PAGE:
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  1. #1
    Join Date
    Dec. 7, 2010

    Default Ideas please for a slightly leg "numb" horse

    Since I have had my horse he has been difficult with your leg actions. I am working on lateral work with him and it is making things very difficult. Haven't wanted to use spurs because he is a very sensitive horse, if you hold a whip he understands and you wont need to use it. Any suggestions anyone?

  2. #2
    Join Date
    Mar. 1, 2007
    Southeast, PA.


    Smallest spurs? They are an aid, sounds like you wouldn't need to use them all the time. sounds like with the whip, if you have it, he knows he has to do it. Maybe eventually he won't need the spurs, just that you are being serious.
    Memebr of Charlie Horse Riding Club.

  3. #3
    Join Date
    Jul. 14, 2003


    Go back to work in hand. Get him to turn on the forehand in hand, and teach him that pressure behind the girth means to step side ways.

    Once this is clear, when you use your leg aids in the saddle make sure that they are 100% clear. Your seat, your hands and your legs must move independently and not be giving conflicting unintentional aids.

    You say that this horse is sensitive so if he will not move off your leg then either he doesn't understand your aids or you must be giving him contradictory instructions with your aids.
    "Against stupidity the gods themselves contend in vain" ~Friedrich Schiller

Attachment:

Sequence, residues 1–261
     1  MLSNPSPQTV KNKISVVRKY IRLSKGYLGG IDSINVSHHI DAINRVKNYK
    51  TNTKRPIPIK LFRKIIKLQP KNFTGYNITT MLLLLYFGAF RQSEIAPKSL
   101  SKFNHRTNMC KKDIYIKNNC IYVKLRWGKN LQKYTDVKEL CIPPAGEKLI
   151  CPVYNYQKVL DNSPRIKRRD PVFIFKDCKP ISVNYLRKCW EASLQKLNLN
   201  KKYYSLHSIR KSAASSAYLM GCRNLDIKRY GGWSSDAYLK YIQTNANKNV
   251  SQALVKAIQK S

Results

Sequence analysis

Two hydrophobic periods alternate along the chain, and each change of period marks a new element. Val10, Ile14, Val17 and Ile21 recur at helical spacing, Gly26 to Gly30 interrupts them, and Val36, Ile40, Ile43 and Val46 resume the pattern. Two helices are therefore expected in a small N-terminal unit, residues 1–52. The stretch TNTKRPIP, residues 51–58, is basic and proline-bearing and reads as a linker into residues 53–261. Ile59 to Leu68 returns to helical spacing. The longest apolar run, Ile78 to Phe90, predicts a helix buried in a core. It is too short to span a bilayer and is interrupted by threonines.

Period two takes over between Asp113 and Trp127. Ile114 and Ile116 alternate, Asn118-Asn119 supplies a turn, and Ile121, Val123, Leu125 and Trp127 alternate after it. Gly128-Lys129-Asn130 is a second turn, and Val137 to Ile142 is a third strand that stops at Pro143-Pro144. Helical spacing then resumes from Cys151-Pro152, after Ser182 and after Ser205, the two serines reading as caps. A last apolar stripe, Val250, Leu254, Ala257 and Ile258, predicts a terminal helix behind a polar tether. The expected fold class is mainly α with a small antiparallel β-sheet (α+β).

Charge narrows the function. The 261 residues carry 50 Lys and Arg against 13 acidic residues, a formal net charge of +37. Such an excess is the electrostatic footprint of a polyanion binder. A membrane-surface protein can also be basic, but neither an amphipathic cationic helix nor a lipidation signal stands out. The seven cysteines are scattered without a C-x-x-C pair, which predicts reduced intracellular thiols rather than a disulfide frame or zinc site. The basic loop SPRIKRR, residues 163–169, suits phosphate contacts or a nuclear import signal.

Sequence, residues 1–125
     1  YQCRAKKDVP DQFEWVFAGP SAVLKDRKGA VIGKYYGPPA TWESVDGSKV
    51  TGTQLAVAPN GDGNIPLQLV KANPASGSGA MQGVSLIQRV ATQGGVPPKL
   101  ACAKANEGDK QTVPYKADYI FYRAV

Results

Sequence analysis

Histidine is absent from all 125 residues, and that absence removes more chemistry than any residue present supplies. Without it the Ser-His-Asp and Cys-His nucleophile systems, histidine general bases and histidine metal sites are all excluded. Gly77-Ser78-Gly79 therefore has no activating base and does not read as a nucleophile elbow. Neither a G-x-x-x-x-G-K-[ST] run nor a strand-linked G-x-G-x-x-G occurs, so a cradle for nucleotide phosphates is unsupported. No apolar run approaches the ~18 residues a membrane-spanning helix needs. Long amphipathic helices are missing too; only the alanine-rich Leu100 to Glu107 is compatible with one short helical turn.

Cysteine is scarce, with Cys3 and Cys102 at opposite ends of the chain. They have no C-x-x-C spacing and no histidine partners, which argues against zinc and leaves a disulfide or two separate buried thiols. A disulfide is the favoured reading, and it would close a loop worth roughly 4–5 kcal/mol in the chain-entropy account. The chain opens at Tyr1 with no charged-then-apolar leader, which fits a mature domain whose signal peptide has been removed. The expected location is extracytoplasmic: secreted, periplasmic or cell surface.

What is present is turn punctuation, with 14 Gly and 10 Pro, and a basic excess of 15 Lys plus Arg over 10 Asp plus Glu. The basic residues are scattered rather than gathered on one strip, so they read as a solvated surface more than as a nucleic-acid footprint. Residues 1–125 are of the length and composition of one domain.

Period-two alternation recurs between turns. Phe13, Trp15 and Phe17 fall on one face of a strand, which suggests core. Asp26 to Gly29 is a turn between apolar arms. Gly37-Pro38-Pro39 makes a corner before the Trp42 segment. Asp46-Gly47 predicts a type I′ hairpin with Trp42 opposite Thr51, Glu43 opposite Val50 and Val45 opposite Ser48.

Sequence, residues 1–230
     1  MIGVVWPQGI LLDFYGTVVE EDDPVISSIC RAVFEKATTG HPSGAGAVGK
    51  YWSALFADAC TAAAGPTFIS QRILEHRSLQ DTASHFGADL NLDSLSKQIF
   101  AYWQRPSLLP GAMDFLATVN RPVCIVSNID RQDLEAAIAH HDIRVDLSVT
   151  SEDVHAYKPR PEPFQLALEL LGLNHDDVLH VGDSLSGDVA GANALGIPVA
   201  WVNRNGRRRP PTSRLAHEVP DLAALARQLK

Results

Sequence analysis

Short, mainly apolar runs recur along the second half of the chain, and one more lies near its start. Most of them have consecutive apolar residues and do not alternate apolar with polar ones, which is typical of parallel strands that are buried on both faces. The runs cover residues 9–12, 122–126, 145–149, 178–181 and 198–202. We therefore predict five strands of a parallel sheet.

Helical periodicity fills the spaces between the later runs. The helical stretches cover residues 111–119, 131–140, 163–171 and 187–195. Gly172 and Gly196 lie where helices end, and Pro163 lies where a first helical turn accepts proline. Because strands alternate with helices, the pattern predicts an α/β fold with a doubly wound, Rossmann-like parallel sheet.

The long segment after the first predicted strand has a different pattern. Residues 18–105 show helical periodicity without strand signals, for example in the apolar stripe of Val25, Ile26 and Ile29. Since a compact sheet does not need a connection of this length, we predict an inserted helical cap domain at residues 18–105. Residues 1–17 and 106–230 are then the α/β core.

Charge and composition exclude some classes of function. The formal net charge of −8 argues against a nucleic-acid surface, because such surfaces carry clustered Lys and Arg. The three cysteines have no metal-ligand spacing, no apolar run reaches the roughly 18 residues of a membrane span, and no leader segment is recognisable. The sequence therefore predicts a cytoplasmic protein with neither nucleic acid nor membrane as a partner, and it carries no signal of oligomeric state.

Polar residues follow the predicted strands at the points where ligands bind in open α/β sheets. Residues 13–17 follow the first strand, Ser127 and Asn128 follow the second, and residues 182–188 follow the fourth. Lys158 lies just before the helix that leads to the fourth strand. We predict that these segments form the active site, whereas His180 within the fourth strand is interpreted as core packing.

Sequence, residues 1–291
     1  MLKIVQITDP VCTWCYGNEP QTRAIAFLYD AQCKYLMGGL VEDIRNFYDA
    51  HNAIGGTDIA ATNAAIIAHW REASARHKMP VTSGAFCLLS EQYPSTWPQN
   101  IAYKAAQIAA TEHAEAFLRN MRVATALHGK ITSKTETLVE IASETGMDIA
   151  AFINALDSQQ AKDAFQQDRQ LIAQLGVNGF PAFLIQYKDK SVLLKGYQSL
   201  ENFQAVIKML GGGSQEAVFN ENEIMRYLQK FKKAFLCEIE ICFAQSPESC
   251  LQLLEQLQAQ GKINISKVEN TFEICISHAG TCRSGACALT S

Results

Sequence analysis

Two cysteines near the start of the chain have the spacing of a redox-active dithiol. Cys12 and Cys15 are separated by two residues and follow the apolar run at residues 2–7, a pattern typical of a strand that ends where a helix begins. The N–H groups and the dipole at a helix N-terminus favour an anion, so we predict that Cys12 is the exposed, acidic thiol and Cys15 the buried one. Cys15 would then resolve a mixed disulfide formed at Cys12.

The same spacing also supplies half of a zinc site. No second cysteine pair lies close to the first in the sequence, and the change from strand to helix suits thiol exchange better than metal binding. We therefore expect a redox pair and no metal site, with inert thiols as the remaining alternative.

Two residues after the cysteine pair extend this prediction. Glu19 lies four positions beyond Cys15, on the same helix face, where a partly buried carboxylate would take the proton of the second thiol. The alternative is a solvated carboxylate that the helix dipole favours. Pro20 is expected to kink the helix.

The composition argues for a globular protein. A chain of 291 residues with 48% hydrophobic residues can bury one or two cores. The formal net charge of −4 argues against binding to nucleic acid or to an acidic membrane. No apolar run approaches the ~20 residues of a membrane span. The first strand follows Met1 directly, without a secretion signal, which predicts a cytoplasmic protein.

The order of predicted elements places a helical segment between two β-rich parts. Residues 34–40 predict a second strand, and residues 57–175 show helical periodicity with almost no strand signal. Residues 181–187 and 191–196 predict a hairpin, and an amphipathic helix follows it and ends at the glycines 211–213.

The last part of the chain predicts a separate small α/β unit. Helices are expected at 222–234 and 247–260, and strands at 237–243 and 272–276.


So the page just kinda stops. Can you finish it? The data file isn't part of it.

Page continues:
4. #4
    Join Date
    Dec. 30, 2009
    The Great Plains of Canada


    Use phases of ask so that he has the chance to become more sensitive and respond to the lighter aid before you give the increasingly heavier aids. Use a whip as the last phase, wiggling louder and louder THEN touch.

    Transitions transitions transitions - changes in pace and in gait.

    Quit/release to reward the slightest try and stop him BEFORE he thinks of it.

    Work outside the box - ie. hacks out on the trail (especially up and down hills), give him a job such as jumping a course or working cattle etc etc etc.
    ....horses should be trained in such a way that they not only love their riders, but look forward to the time they are with them.
    ~ Xenophon, 350 B.C.

  5. #5
    Join Date
    Dec. 7, 2010


    Thanks to all of you! I will try try try!!

  6. #6
    Join Date
    Mar. 24, 2010


    What canter cues are you using?

    My very sensitive TB is the first horse I've ridden who seems to really be confused between pressure slightly behind the girth to canter and asking for lateral movement. My other horses all knew the difference from weight shifts. Thanks to posts on this board I made the connection that his confusion was our problem and now do a "windshield wiper" with my outside leg. Canter transitions are great AND his movement off my leg for lateral work has improved about 500%.
    My horse is a dressage diva so I don't have to be.

    Quote Originally Posted by katarine
    If you have a fat gay horse that likes Parelli, you're really screwed

  7. #7
    Join Date
    Aug. 28, 2007
    Triangle Area, NC


    be mindful that while you cue for the lateral you aren't blocking with yoru opposite leg or seat bone.
    ask me how i know
    chaque pas est fait ensemble

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